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There Has Got To Be a Way to Melt the Cheese

By T. Ray Rachels

Several years ago, Bruce Horovitz, in USA Today, had a question for McDonald’s CEO: “What can you do to fix McDonald’s?”

The then 47-year-old chain, with 30,000 restaurants in 121 countries, appeared to have lost its way. Its stock had tumbled. Same-store sales were mostly down. The chain that virtually invented fast food had failed to innovate for years, according to industry analysts. As a result, it was becoming a last resort instead of first choice for families.

The fast-food giant ranked dead last in a national polling of nearly 50,000 frequent eaters from 70 food chains. “Most consumers have a pretty low perception about food at McDonald’s,” noted the survey.

The top echelon at McDonald’s listed 10 things McDonald’s must do to get its house in order.

As I read the list, it became a powerful reminder of the lessons of leadership pastors must embrace and put into action if the church is to effectively present the gospel to a skeptical, bone-weary society saturated with secular intentions.

Leaders who handle ministry and take responsibility for leading God’s church need to find ways to connect the eternal, satisfying Word of God to the hungry appetites of a lost world looking for salvation, even though they may not know they are lost or looking.

In what ways can church leaders head off a McDonald’s syndrome, spiritually speaking, concerning people who might prove to have a low perception about the food at the church? What items might be included in a top 10 list of things a pastor must do to either refocus or reinvent the way in which church resources are deployed at the place where God has called him to serve?

Here is USA Today’s list of 10 things McDonald’s must do to get their house in order, along with a few thoughts of my own about the church and how the list relates.

1. Fix the food

“McDonald’s has engineered the soul right out of its food,” said Alan Hickock, analyst at US Bancorp Piper Jaffery. “It’s so consistent. So perfect. And so bland.”

Hickock, whose four children were ages 6 to 14, says one of his best barometers on McDonald’s is through his kids. They have all stopped asking him to go to McDonald’s. “They prefer restaurants like Applebee’s,” he says, “or any place with a really good dessert.”

Perhaps even more damaging is the Sandelman and Associates fast-food survey, in which consumers ranked McDonald’s food near the bottom in taste, quality, and temperature. The survey indicated that most consumers have a low perception about food at McDonald’s.

The Bible’s message, eternally contemporary, is that God’s love is consistent; it is perfect, and it is richly textured, always available, never bland. He has engineered the soul right into His salvation.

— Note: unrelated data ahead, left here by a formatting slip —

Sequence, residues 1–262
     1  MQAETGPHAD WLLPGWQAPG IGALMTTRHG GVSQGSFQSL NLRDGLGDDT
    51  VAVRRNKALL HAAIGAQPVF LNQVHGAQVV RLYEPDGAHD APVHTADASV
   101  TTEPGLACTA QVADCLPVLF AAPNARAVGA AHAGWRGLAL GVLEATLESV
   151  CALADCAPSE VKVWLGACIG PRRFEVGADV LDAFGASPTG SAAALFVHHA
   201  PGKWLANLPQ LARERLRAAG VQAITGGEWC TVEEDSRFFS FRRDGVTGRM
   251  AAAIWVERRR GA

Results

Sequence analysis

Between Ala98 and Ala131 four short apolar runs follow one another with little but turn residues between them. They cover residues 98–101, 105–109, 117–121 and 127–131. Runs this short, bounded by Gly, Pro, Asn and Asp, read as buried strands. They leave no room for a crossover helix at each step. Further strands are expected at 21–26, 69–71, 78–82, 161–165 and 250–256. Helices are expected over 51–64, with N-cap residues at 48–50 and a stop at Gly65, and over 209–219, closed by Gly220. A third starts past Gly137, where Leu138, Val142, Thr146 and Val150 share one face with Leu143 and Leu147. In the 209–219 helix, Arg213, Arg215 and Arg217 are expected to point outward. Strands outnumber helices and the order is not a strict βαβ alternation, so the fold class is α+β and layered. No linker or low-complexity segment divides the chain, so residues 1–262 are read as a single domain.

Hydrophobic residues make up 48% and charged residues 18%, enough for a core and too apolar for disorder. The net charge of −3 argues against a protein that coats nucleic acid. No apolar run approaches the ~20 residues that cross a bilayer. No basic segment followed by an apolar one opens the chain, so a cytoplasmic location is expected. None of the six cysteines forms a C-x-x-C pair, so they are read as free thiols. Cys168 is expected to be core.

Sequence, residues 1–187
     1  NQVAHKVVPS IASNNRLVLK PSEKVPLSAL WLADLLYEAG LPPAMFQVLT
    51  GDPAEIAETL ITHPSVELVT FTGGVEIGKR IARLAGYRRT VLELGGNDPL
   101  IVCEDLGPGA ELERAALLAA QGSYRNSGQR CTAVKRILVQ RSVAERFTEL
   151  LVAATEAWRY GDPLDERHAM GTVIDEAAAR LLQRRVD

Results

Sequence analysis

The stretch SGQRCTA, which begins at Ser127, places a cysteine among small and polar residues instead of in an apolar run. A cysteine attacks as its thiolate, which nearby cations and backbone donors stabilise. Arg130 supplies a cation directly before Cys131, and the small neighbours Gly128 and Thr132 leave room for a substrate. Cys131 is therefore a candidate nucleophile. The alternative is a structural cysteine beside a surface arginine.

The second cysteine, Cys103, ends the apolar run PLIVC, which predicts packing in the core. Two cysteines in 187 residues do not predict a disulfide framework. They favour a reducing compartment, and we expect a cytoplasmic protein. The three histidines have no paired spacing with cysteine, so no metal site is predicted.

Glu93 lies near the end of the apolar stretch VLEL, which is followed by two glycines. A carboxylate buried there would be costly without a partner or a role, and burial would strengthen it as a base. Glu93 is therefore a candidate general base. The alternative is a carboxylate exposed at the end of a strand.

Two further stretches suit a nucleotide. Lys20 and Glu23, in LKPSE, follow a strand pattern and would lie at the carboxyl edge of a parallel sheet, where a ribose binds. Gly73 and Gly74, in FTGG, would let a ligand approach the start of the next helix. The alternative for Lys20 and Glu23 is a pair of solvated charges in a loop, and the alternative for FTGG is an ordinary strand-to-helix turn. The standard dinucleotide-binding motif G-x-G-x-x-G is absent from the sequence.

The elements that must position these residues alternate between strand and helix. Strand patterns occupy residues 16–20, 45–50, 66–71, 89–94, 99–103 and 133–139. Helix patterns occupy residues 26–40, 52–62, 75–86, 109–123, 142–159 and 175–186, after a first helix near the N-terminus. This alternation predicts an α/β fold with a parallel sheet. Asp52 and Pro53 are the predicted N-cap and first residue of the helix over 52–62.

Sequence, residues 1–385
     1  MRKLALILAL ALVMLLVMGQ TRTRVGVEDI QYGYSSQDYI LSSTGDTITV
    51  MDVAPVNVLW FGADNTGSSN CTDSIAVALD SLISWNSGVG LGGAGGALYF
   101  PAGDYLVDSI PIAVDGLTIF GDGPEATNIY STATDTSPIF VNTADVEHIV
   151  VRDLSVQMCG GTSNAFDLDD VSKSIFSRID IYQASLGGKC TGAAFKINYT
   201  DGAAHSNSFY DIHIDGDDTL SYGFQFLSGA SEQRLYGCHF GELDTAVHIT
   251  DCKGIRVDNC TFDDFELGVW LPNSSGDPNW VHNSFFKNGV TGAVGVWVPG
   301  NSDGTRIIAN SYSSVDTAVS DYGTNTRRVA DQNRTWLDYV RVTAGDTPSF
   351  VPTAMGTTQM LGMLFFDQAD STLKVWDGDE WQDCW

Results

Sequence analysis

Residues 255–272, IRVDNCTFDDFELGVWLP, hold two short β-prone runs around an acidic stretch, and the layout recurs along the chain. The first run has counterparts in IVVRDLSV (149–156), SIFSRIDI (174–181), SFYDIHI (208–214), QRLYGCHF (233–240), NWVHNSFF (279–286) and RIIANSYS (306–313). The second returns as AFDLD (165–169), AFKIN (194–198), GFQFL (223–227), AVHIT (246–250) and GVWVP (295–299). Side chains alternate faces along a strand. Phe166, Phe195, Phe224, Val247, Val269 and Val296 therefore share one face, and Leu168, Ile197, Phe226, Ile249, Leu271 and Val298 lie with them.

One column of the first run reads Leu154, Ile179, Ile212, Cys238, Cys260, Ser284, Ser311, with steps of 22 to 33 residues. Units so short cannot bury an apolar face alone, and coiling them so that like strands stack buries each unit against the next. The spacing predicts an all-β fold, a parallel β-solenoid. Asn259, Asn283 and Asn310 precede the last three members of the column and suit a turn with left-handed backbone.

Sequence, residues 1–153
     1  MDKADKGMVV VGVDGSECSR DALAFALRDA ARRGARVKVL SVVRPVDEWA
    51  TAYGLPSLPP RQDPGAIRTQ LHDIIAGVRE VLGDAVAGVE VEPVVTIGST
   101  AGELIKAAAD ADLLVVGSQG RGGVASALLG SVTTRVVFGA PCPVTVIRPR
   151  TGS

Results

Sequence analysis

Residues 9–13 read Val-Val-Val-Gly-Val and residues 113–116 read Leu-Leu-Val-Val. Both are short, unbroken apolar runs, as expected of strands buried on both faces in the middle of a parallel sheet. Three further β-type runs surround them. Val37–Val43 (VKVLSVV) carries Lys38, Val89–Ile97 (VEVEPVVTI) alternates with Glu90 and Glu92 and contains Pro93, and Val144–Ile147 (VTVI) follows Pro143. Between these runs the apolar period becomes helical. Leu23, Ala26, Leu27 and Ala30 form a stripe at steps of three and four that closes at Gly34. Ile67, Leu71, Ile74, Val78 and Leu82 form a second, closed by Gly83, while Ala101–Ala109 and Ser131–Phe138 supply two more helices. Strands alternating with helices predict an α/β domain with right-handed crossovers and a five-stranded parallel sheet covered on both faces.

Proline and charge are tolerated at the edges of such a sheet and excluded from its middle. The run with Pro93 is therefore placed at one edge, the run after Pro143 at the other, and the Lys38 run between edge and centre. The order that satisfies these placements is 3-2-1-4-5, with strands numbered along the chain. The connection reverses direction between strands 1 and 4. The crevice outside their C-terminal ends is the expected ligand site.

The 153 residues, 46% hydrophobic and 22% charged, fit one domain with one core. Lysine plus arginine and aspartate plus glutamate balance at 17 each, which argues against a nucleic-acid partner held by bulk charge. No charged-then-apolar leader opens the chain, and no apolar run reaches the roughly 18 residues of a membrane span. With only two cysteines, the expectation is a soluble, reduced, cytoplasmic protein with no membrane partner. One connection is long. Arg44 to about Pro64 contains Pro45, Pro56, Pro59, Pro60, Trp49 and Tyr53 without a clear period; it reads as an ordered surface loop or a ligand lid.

It is a healing message that brings connection and integration to the separations in our lives. The task of church leaders is to create an atmosphere in which the taste, quality, and temperature of God’s fantastic love and grace can be seen and experienced.

2. Serve it hot

Although McDonald’s spent years developing its new cooking system, consumers continue to complain that the food is not served hot enough. “Its staples — burgers and fries — are widely regarded as the fast foods where temperature is especially critical to good taste.”

Passion is critical. Maintaining enthusiasm for life, pursuing God and His glory, getting and keeping a spirit of joy, finding delight in knowing that God is present in daily situations, building healthy relationships with family and friends, staying active and alive all your life, giving in to laughter and to tears, and opening doors of hospitality where the grace of God in your life can be seen and felt. These spiritual staples are widely regarded by people in and out of the church as critical to good taste.

3. Lose the lines

“The kitchen is broken,” says Dick Adams, a consultant to McDonald’s franchises. To speed service, he says, stores must be permitted to make some food ahead of time “so folks can grab it and go.”

Put order and orderliness in public church meetings. Wasting time kills off people’s eagerness to participate, and often makes them frustrated onlookers. Sloppy platform leadership takes the oomph out of unction.

I do not recommend the current rush toward express worship services, where a minimalist mentality for time spent at church should rule. However, the act of thinking through the elements of a church service (before the service), then using godly sensitivity and genuine openness to the Spirit’s guidance to act on those plans, allows for the human spirit to be more fully prepared to receive blessing, power, and revelation from the Holy Spirit.

4. Clean up the joint

Besides being convenient and fast, McDonald’s national reputation was built on the fact its stores were always “spotlessly clean,” says Dennis Lombardi, Senior VP at Technomic, a fast-food research firm. During the rapid growth of the 1990s, however, that mission fell to pieces, experts say.

With the help of mystery shoppers, McDonald’s has recently begun to keep better track of its stores and has put on a better face.

My wife, Judy, spoke at a Saturday ladies banquet in a church that had recently welcomed a new pastor and his family. Telling me about her experience, which was positive, she said, “The church was so clean and well kept — the parking lot, walkways, foyer, sanctuary, bulletin boards, and fellowship hall — everything was unbelievably clean.” Now she was animated. “And the people talked about how proud they are of their church and pastor.”

A clean place boosts morale. Dirty, neglected, junky looking, and unattractive places hurt and limit progress. It takes hard work and good planning to ensure that a church’s facilities, clean and attractive, say welcome to everybody. It pays off.

5. Do Not Ignore Grown-ups

“McDonald’s should find a way to make sure that even adults feel good eating there,” said one frequent diner, Phil Terry, a flight attendant. “It seems as if all their breakfast items are either fattening or sugary,” he said. “They need to clean up their act and offer some healthy alternatives.”

Church leadership that places an intentional focus on children, making every arrangement possible to bring the gospel’s influence to them on their level, is wise and farsighted. Children who feel loved at church and who have ministry explained on their level, have enormous influence on where the family attends church. Most parents will extend themselves to a significant length when their children are happy.